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To Your Health

The Slouch - Part III

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04/01/2010 - Hello Again! Well I have to say this has been the most entertaining subject I have discussed in a long time. One of my editors was showing the first segment after it was printed. What caught me by surprise was the cover. This guy, who has had back issues and is a patient of mine is doing exactly what I'm telling people to avoid doing. So I call him to hassle him and he tells me that he actually sat like he should and the photographer said that didn't look natural enough. So he slouched over so it could be natural (Yikes).

Well back to business, you have now had a couple of months of evaluating your sitting postures. Many of you have related to me that you were unaware of your sitting postures and have noted that it is a habit that easily develops without any thought. Also, some have mentioned that their sofa or chair (office included) was actually broken and they consequently found themselves leaning off to a side even when trying to sit straight.

Now what happens to the body is this month's story. As mentioned before, sitting for extended periods of time will cause the body to do things such as deform or creep as well as decondition the muscles that support the spine. Over time this repetitive action will start to take it's toll on the spine. Remember that statement your mother made to you when you made a particular face all the time: "If you keep making that face all the time it will stay that way." Well, it's the saame way with our spine.

After years (or in some situations, months) the person's standing/walking posture can actually resemble their seated postures. I have seen older gentleman leaned off to one side walking into my office and I have watch how they sit in a chair. The majority of them will sit in the chair like they were standing -- leaning over to one side of the chair. But remember it takes time to develop symptoms that can be associated with bad posture. The body will accommodate these bad habits due to a person's age and flexibility. But as we age, it will become a problem because the body may have accommodated in ways that will impact us negatively. Let's discuss these.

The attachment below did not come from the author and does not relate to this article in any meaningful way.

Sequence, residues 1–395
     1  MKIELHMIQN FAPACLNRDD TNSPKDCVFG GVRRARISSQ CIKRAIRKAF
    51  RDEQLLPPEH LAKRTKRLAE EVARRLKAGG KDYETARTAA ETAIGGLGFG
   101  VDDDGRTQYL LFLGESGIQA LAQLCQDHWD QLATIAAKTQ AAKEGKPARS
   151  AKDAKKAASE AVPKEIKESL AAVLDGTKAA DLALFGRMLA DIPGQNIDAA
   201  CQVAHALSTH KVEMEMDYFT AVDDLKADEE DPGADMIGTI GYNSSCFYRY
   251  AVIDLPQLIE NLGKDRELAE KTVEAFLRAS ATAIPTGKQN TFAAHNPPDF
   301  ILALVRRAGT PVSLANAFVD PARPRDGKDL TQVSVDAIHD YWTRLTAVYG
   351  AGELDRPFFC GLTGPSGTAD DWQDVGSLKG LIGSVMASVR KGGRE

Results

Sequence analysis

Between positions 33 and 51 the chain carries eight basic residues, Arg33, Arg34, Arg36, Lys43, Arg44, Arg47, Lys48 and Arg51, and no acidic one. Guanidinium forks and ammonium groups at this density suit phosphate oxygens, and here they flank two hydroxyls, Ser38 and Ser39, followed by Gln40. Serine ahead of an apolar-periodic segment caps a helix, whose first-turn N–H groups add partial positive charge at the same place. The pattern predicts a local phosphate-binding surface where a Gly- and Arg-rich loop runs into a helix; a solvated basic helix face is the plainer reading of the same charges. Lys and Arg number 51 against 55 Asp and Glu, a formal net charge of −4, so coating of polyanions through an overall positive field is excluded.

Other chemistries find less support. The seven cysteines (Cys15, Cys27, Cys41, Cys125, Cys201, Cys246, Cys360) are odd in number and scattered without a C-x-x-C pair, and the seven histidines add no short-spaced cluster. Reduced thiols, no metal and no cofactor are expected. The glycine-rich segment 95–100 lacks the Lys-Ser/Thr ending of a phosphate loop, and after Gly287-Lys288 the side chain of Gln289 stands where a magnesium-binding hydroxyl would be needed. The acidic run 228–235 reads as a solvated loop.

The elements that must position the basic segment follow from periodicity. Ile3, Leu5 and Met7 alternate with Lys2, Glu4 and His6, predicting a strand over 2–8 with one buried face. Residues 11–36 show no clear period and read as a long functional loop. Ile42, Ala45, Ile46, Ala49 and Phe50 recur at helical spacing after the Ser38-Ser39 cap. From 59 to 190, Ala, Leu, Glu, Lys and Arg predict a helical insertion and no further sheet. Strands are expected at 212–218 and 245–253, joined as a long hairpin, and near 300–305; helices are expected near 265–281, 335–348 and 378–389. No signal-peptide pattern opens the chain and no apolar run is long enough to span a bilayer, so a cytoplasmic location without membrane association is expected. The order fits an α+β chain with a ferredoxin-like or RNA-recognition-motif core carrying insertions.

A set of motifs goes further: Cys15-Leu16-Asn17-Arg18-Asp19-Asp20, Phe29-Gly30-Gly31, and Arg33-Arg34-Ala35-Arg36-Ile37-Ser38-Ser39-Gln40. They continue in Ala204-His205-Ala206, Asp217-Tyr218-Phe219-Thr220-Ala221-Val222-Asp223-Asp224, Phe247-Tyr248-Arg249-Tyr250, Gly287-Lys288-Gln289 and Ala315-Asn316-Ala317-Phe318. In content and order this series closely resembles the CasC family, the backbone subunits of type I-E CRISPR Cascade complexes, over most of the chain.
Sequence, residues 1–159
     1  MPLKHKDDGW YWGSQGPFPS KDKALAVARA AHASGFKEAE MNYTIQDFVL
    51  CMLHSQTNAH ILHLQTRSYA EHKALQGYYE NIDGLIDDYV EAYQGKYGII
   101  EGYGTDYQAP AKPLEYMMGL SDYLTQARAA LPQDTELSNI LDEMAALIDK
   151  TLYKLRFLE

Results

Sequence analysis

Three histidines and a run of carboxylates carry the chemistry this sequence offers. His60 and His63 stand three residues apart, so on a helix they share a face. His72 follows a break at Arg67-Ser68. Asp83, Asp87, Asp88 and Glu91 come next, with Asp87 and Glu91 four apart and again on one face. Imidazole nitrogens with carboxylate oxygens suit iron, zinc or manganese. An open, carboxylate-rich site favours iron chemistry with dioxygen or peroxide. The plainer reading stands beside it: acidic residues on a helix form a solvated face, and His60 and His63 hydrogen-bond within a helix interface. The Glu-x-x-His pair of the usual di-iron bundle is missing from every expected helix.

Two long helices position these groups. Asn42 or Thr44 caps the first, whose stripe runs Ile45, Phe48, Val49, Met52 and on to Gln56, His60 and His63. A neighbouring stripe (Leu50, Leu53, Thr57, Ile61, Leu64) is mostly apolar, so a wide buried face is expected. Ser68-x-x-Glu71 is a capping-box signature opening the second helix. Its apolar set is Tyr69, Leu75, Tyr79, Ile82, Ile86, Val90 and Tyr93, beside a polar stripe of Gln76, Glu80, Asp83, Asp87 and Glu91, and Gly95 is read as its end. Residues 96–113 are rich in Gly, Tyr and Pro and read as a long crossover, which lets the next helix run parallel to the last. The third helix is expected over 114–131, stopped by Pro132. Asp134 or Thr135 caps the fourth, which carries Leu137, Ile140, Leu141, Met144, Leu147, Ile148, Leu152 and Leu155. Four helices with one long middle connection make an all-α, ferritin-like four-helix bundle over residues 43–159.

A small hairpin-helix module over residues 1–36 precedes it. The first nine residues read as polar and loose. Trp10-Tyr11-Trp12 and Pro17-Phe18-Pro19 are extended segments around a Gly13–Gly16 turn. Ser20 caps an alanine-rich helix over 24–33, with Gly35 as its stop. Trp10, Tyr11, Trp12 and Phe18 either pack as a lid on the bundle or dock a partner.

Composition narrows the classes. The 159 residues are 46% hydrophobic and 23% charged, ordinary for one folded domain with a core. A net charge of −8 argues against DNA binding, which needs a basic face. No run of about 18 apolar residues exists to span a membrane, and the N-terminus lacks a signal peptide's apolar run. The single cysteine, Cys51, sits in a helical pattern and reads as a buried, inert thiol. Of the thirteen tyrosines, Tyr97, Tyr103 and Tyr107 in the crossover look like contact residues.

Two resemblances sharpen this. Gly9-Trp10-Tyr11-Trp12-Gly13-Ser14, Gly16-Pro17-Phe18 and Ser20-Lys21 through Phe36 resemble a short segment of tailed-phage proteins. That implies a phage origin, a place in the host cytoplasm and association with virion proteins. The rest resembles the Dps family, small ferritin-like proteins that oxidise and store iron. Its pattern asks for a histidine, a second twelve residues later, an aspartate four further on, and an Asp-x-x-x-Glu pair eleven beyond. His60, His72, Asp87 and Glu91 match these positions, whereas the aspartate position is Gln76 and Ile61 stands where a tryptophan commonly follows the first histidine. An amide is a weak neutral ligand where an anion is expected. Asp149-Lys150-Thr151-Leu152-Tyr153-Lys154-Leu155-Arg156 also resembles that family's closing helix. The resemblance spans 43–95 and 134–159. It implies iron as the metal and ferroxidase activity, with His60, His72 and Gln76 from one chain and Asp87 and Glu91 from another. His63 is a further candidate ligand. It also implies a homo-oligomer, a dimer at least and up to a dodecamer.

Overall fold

Let's first look at structure. Our spine is supposed to be a balanced structure. If we create abnormal bend, such as leaning to one side, we create abnormal loading on the weight bearing structures. Repeating this posture over a period of time causes it to become a more "permanent structure". This will result in a constant abnormal stress to the spine and the body will do what's necessary to adapt. Muscles, ligaments, and tendons will lengthen or contract to adapt to the structure. Discs between the vertebrae will also accommodate by bulging to one side, especially if the disc is starting to wear out. It can weaken to the point that it is herniated without much trauma to it.

We have these joints called facets in our spine and they also fall victim to changes. Recall in your youth when you would purposely try to get your knuckles to pop to the point you would traumatize them. And you were told to stop because they would get big and knarled. Well this can happen to the facets. They will "hypertrophy" resulting in loss of their normal function. There are also a lot of pain receptors in this area and when they are firing you will feel it!

Now the discs and facets are located in close proximity to one another with the spinal nerve between them. This nerve will be vulnerable to these structure changes. This may result in pain radiating into arms hips and legs. (Are we getting the big picture yet?).

Last but not by any means least, the boney structure itself can change. When the bone is under abnormal stress the body will form bone. This can result in a lot of problems such as irritating nerves, and restricting motion and speeding up arthritis development. (See figure 1).

Now I am not trying to scare anyone; this problem is manageable. Don't say, "Well I'll do the opposite and that will straighten it out." It's not that easy. Our bodies are a little more complex than that. It won't change as easily as one thinks, especially if there has been remodeling to our spine.

If you're young, you can correct it more easily; middle aged individuals can be changed with some aggressive exercise and intensive treatment. Older people need to be assessed and a controlled treatment and exercise program developed to slow down the effects and gain back as much as they can (depending on how much remodeling may have occurred).

Well I apologize if ruined somebody's favorite position to read or watch TV...just doing my job. Until next time, see ya!

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42 Degrees North

Chris Walsh

Rocky Mountain Industrial Supply

Optimal Physical Therapy
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